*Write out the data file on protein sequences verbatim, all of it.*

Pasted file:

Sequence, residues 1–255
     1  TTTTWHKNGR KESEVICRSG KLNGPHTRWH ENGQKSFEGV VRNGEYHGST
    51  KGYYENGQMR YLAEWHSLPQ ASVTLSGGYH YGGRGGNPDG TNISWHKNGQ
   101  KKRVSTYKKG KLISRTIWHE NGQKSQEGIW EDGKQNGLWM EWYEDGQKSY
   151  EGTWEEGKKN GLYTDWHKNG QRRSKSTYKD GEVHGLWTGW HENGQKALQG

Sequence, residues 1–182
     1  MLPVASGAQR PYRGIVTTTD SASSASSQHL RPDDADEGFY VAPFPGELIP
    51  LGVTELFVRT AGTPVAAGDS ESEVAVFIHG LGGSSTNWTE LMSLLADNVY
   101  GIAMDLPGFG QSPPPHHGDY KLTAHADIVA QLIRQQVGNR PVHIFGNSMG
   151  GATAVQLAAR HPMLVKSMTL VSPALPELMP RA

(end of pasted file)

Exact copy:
Sequence, residues 1–255
     1  TTTTWHKNGR KESEVICRSG KLNGPHTRWH ENGQKSFEGV VRNGEYHGST
    51  KGYYENGQMR YLAEWHSLPQ ASVTLSGGYH YGGRGGNPDG TNISWHKNGQ
   101  KKRVSTYKKG KLISRTIWHE NGQKSQEGIW EDGKQNGLWM EWYEDGQKSY
   151  EGTWEEGKKN GLYTDWHKNG QRRSKSTYKD GEVHGLWTGW HENGQKALQG

Sequence, residues 1–182
     1  MLPVASGAQR PYRGIVTTTD SASSASSQHL RPDDADEGFY VAPFPGELIP
    51  LGVTELFVRT AGTPVAAGDS ESEVAVFIHG LGGSSTNWTE LMSLLADNVY
   101  GIAMDLPGFG QSPPPHHGDY KLTAHADIVA QLIRQQVGNR PVHIFGNSMG
   151  GATAVQLAAR HPMLVKSMTL VSPALPELMP RA